Make the connection: Hearing loss and dementia

It’s a well-known fact that, as we get older, we tend to experience some level of decline in our cognitive ability. For some of us it may be mild, and for others more serious. Although a normal part of aging, typical issues tend to pop up, including forgetting details, taking longer to learn new things, and difficulty concentrating or focusing. We might not be able to stop it — but recent and emerging studies tell us that we may be able to slow it down.

And the great news is that understanding the link between hearing loss and brain fitness can help you get started on the road to better overall health.

The relationship between hearing loss and cognitive decline

Studies suggest a concerning association between hearing loss in older individuals and the heightened risk of developing Alzheimer’s disease and dementia, often accompanied by a faster rate of cognitive decline. This correlation raises questions about the underlying mechanisms linking these conditions.

Researchers have several theories:

1. One has to do with cognitive load. With untreated hearing loss, the brain gets overworked by constantly straining to understand speech and sound. An overworked brain doesn’t work efficiently.

2. Another has to do with brain structure. Brain cells can shrink from lack of stimulation, including the parts of the brain that receive and process sound.

3. The last theory is social isolation. When a person has trouble hearing conversations and socializing, they may prefer staying home instead. However, the more isolated a person becomes, the less stimuli their brain receives. 

Hearing care is health care™

Dementia and cognitive decline aren’t the only conditions linked with hearing loss. Research associates it with a variety of other conditions, including:

  • Heart and cardiovascular disease
  • Diabetes
  • Depression and anxiety
  • Chronic kidney disease

Experts emphasize that maintaining good hearing health is essential for keeping our brains and bodies healthy as we age, as it fosters mental stimulation. Engaging in activities that stimulate the auditory system, such as listening to music, engaging in conversations, or even using hearing aids when necessary, can help preserve cognitive function and overall well-being. By prioritizing hearing health, individuals can proactively support their brain health and maintain a higher quality of life as they age.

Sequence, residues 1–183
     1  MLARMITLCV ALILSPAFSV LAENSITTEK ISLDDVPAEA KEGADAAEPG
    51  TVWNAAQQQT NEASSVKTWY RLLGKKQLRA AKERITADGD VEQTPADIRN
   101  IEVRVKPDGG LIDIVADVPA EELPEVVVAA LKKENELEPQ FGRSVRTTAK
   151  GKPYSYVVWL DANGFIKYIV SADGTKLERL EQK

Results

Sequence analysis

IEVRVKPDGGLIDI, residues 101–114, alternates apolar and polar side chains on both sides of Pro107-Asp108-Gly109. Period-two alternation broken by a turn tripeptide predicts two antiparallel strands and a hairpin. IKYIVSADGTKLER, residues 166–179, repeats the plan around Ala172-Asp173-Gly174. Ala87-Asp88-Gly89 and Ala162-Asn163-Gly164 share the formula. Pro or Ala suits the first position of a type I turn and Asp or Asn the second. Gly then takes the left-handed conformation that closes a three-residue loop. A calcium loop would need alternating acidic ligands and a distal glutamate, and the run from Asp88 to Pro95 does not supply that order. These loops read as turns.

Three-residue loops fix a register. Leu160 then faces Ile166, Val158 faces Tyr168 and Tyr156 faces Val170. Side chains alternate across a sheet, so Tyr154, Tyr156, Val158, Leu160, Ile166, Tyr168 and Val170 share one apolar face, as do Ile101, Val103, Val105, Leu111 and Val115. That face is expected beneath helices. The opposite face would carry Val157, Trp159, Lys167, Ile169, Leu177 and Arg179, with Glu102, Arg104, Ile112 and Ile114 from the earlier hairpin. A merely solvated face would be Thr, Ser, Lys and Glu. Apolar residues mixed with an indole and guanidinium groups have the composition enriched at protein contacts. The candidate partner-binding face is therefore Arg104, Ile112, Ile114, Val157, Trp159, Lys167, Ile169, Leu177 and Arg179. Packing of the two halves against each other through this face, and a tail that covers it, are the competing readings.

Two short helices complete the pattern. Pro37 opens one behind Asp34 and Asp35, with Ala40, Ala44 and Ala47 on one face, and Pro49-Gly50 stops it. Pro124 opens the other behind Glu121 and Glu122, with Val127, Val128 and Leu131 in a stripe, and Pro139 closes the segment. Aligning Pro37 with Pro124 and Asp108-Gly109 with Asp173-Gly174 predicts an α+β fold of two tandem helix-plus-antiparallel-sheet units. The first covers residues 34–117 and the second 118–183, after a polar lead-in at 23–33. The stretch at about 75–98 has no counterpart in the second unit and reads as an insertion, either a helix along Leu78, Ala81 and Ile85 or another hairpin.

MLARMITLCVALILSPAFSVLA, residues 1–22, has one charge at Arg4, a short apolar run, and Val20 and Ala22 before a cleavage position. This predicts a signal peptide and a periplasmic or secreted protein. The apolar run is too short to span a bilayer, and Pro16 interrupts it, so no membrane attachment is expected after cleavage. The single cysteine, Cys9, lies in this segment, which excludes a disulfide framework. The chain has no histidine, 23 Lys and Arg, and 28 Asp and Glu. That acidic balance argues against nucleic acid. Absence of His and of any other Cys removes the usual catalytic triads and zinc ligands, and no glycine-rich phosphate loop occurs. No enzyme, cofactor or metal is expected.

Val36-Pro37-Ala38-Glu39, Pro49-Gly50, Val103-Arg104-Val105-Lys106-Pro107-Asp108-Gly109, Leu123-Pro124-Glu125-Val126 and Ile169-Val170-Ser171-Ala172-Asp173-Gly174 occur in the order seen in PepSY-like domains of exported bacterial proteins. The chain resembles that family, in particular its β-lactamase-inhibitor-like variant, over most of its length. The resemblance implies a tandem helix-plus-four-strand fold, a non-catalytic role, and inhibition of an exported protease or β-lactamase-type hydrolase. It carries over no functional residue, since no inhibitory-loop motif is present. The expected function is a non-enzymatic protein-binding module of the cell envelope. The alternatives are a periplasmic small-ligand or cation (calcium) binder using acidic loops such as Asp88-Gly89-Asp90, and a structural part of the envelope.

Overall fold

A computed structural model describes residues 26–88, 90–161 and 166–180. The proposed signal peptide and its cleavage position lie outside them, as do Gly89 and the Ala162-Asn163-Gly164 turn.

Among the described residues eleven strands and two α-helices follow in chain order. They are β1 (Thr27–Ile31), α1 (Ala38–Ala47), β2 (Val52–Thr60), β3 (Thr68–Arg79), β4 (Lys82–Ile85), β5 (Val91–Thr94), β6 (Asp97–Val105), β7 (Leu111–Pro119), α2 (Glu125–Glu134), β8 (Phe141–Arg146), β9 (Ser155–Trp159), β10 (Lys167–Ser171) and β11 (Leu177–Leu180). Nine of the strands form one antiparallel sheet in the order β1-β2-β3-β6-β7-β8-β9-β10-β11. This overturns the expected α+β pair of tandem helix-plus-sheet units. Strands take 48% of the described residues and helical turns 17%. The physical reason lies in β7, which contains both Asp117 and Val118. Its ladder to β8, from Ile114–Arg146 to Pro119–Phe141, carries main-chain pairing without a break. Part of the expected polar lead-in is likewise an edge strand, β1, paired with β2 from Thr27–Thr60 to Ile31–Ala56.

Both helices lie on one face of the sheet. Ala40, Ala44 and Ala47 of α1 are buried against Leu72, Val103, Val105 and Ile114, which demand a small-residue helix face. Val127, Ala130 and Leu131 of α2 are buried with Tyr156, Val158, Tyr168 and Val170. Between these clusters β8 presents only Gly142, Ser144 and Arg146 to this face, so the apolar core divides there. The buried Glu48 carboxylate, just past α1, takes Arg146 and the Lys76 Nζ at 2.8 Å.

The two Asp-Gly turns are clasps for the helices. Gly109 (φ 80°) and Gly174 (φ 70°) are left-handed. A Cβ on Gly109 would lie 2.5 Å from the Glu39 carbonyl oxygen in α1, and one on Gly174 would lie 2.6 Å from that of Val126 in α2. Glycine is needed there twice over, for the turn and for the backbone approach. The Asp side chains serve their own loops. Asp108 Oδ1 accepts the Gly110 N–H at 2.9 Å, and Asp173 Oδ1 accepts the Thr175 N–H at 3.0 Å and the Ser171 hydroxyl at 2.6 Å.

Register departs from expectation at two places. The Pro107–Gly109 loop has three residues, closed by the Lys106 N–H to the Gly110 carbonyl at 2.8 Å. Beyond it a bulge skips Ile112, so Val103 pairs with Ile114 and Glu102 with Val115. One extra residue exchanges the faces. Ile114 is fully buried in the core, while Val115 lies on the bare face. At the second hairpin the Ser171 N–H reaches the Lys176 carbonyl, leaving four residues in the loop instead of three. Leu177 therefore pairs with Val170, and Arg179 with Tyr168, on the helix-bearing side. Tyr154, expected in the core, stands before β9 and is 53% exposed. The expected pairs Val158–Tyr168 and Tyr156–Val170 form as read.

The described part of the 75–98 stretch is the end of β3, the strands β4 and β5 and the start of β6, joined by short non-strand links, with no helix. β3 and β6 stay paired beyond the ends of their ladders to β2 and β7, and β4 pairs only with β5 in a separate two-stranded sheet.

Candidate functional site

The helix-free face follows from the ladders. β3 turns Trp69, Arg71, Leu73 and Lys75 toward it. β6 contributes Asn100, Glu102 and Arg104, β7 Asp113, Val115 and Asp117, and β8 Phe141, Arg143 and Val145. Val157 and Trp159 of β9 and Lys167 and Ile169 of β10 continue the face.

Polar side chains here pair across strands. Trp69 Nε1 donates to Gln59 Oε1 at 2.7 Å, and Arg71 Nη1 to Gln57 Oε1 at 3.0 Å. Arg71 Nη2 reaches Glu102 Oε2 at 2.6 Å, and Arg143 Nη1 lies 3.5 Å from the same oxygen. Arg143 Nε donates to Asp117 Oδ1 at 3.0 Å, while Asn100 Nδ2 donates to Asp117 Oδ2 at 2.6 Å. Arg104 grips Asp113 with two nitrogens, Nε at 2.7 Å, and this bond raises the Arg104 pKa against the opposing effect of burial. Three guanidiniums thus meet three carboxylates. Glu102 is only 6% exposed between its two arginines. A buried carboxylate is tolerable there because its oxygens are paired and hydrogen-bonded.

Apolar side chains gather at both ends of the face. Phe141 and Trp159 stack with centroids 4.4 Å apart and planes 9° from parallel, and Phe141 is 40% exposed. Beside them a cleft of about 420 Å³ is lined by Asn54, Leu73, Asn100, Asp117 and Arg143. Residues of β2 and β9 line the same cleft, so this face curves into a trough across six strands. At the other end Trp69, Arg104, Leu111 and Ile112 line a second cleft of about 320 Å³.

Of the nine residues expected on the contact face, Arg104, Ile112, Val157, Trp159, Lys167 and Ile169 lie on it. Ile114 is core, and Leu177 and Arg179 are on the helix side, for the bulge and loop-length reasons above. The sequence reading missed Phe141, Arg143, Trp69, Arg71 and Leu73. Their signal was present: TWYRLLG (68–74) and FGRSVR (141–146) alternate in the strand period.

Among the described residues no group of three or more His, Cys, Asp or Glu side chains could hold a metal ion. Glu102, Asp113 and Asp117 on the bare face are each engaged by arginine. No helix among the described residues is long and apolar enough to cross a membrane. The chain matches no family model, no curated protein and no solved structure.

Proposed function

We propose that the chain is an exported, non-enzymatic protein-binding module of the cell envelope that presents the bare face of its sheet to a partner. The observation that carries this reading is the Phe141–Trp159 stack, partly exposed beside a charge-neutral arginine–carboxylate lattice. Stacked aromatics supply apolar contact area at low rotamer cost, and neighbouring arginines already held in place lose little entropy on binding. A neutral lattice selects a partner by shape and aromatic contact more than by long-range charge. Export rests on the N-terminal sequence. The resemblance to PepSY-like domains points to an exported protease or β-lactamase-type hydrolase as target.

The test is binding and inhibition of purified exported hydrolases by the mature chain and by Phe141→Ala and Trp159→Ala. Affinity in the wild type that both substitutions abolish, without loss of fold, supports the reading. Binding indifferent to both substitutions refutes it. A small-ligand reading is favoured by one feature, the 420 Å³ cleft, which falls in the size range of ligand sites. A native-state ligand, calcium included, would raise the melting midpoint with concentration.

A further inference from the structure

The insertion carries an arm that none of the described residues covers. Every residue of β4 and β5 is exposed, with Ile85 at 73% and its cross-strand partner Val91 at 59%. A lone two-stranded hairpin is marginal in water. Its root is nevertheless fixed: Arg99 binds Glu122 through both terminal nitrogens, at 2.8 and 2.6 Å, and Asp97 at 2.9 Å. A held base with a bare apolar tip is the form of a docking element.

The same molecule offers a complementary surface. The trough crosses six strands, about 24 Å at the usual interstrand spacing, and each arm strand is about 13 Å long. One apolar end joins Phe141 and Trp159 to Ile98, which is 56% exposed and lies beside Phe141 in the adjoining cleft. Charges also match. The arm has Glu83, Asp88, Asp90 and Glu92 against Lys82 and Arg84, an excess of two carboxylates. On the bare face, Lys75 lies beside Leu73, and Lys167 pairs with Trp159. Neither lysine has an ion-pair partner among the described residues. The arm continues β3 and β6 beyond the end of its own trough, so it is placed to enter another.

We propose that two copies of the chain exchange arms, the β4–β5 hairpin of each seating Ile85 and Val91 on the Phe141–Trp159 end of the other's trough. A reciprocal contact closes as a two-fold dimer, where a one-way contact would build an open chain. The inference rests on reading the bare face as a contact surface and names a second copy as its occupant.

Maintain your brain with hearing aids

Recent studies have demonstrated a significant correlation between the appropriate utilization of hearing aids and a reduced risk of dementia. By addressing hearing loss effectively, hearing aids provide individuals with improved auditory input, which may alleviate cognitive strain and enhance cognitive function. This proactive approach not only enhances quality of life but also underscores the importance of addressing sensory impairments in mitigating the risk of cognitive decline and dementia.

The researchers concluded that the key wasn’t simply the ability to hear better but, more importantly, how better hearing allowed them to stay involved in everyday life. By restoring the ability to better communicate, hearing aids can help improve social interactions, mood, and provide the opportunity to participate in brain-stimulating activities that can help slow cognitive decline.

Stay smart. Stay healthy.
Get your hearing tested.

Utilizing hearing aids to address hearing loss has shown promise in mitigating the advancement of cognitive decline. By improving auditory input, hearing aids can potentially alleviate cognitive strain, contributing to better cognitive function over time.  A hearing checkup is simply part of your overall health plan.

It’s never too early or too late to work on your hearing health. More than 35 million Americans suffer from hearing loss — and some are unaware of their condition, some are putting off making an appointment. But don’t let hearing loss go untreated over time. Make an appointment with HearAid Audiology Clinic for an evaluation.